Getting Out the Healthcare Vote

Summer García, R.N.

I am a registered nurse working in a pediatric hospital in Los Angeles. Every shift I work requires me to mask up and wear protective gear. Some shifts, I watch little children struggling to breathe. Every shift, I prepare myself to watch a family receive the worst news.

So I know firsthand that my health, and yours, depends on the outcome of this election.

I hope you will consider that when you decide whether to vote in this election less than 20 days away. I think by now we understand what COVID-19 made very clear: All of us, even those who won’t admit it, are together in the struggle to end this pandemic. And we need a common-sense plan to do that.

In the hospital, it doesn’t matter who the children’s parents are or how the politics stack up. What matters is whether my hospital has the equipment and resources to keep them alive, or whether their families have the health coverage to give these children the care they so desperately need.

As we know, these choices are decided by elected leaders. That’s why it matters that you vote in this election.

The pundits have a lot to say about Latino voters like me. They say we have great potential, but it hasn’t yet resulted in political change—that we’re a sleeping giant. But I don’t see anyone asleep in my community. I hear them talk about how COVID-19 has infected their families, robbed them of work hours, shrunk their salary. They quite literally lie awake and worry. 

The week after Election Day, the Supreme Court is scheduled to hear a case that could end the Affordable Care Act, which has given more than 20 million people access to doctors and medicine when they need it. There’s no way to know how the justices will rule, though the Trump administration is doing everything it can to ensure they repeal it.

That will in no way help end a pandemic that is ravaging us, that has sickened or killed loved ones across the country.

Make plans to vote no matter what. When you turn in your ballot, you are standing with your community. That’s when we will have a government that will move quickly to protect everyone’s access to health care, no matter where they were born or how much money they have in their wallets.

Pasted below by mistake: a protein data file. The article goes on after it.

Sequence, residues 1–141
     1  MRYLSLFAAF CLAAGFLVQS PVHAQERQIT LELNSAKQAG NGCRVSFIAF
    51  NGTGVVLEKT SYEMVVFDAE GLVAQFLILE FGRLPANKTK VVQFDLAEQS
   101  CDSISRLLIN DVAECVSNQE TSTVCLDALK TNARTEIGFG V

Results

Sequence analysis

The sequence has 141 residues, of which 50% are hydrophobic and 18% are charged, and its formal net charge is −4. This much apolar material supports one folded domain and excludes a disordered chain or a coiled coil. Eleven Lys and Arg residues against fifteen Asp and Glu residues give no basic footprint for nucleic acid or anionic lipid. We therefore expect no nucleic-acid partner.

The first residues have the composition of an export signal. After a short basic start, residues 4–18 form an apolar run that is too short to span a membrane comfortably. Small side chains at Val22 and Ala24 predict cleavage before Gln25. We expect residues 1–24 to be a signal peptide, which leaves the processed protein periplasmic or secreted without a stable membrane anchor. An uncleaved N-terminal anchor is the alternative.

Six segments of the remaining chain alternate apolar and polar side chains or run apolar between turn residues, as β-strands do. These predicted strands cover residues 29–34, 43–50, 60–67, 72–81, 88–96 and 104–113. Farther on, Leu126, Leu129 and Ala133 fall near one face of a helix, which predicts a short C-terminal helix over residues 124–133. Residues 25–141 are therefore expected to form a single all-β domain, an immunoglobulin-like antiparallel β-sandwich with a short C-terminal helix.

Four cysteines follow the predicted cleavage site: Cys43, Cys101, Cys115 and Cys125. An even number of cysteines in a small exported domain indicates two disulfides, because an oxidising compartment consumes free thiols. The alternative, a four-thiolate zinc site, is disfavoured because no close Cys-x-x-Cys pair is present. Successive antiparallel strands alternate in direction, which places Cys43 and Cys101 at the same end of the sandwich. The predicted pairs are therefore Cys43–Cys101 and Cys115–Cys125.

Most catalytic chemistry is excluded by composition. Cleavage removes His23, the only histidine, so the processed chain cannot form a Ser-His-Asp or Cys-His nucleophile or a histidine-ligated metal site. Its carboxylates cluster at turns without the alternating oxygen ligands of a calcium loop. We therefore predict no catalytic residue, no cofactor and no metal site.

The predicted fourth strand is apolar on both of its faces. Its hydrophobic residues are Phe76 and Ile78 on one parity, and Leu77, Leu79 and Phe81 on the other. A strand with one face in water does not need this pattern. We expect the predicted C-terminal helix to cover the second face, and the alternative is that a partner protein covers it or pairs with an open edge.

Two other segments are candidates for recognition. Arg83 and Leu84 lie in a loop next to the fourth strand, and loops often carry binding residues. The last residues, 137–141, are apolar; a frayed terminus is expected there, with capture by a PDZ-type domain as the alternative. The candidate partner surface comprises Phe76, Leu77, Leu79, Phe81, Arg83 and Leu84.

More specifically, if we get a president who trusts science and who knows how to govern, our country will have a real plan to end the pandemic using the tools we know work: providing enough protective gear, ensuring governors have the support they need to flatten the curve, establishing national common-sense guidelines for everyone to follow, and signing a national COVID-19 relief bill that includes everyone, and helps us get back on our feet.

We Latinos care about these issues, a lot. We are healthcare voters. A Latino Decisions tracking poll so far is showing that nearly half of Latinos (46 percent) consider COVID-19 their top issue going into this election, and lowering the cost of healthcare ranks second, with 31 percent rating it at the top.

I live in California, where all registered voters are receiving mail-in ballots — and voting. We know mail-in ballots are the safest way to vote in a pandemic, and we know they work. They should be available to all voters in Arizona, Georgia and every other state. And once we send the ballots in, each and every one must be counted. 

I’m a healthcare provider. My instincts and my training orient me to heal, to reduce someone’s pain, to give sympathetic advice, to listen, and to advocate for my patients. I know these are scary times. But we healthcare voters have the power right now to help this nation heal. And it begins with the ballots in our hands.

Let’s not waste this opportunity. Let’s heal this country together. Let’s all vote.

Summer Garcia is registered nurse living in Los Angeles.

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